ShareThis Page

Mon Wharf parking lot closes earlier than expected due to rising river levels

| Monday, April 16, 2018, 1:42 p.m.

Pittsburgh Parking Authority advised drivers parked at Downtown Pittsburgh's Mon Wharf to move their vehicles by 3 p.m. Monday because river levels were rising faster than anticipated.

The riverfront parking lot starts to flood when the Monongahela, Ohio and Allegheny rivers around Point State Park rise above 18 feet. Forecasts initially hadn't predicted the rivers to rise that high until Tuesday, but heavier-than-anticipated rain pushed the flood stage up to Monday afternoon.

The parking authority sent an email advisory to people subscribed to receive updates on the wharf's cycle of flooding, cleanup and reopening.

The parking area will be closed Tuesday and remain off limits until further notice, the email said.

Christopher Speers, director of parking services, said the authority would pay towing fees for anyone who can't move their car in time.

“Typically, we try to fit the vehicles on our entry/exit ramp for quick access by patrons,” he wrote in an email to the Tribune-Review. “On occasion, if we fill the ramp, we will move them onto Ft. Pitt Boulevard adjacent to the entrance/exit.”

The National Weather Service was predicting the rivers to peak at 21.7 feet by Tuesday afternoon, just short of the level where the 10th Street Bypass floods. The “bathtub” section of Interstate 376, adjacent to the Mon Wharf, typically floods at 24 feet.

Matthew Santoni is a Tribune-Review staff writer. Reach him at 724-836-6660, or via Twitter @msantoni.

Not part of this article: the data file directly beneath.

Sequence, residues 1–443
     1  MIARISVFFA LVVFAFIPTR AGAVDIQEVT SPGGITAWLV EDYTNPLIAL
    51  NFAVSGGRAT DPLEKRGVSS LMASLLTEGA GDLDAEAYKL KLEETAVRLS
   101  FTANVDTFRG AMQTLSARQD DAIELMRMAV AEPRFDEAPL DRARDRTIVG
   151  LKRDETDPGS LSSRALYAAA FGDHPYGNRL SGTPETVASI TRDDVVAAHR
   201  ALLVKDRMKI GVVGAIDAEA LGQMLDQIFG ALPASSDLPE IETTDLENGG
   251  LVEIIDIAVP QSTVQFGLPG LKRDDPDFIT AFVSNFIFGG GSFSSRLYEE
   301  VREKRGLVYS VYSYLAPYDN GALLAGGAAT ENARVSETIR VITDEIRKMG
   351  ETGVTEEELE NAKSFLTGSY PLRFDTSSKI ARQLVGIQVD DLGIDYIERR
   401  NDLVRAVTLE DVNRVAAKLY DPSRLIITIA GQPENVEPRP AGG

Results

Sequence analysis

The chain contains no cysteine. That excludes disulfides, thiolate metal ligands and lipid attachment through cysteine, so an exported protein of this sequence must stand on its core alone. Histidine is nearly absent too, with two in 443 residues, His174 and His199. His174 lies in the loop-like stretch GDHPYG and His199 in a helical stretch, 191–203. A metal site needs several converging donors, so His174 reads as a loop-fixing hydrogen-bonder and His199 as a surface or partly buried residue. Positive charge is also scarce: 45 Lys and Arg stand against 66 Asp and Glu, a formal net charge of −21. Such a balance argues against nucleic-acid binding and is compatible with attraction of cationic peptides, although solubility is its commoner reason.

TribLIVE commenting policy

You are solely responsible for your comments and by using you agree to our Terms of Service.

We moderate comments. Our goal is to provide substantive commentary for a general readership. By screening submissions, we provide a space where readers can share intelligent and informed commentary that enhances the quality of our news and information.

While most comments will be posted if they are on-topic and not abusive, moderating decisions are subjective. We will make them as carefully and consistently as we can. Because of the volume of reader comments, we cannot review individual moderation decisions with readers.

We value thoughtful comments representing a range of views that make their point quickly and politely. We make an effort to protect discussions from repeated comments either by the same reader or different readers

We follow the same standards for taste as the daily newspaper. A few things we won't tolerate: personal attacks, obscenity, vulgarity, profanity (including expletives and letters followed by dashes), commercial promotion, impersonations, incoherence, proselytizing and SHOUTING. Don't include URLs to Web sites.

We do not edit comments. They are either approved or deleted. We reserve the right to edit a comment that is quoted or excerpted in an article. In this case, we may fix spelling and punctuation.

We welcome strong opinions and criticism of our work, but we don't want comments to become bogged down with discussions of our policies and we will moderate accordingly.

We appreciate it when readers and people quoted in articles or blog posts point out errors of fact or emphasis and will investigate all assertions. But these suggestions should be sent via e-mail. To avoid distracting other readers, we won't publish comments that suggest a correction. Instead, corrections will be made in a blog post or in an article.

click me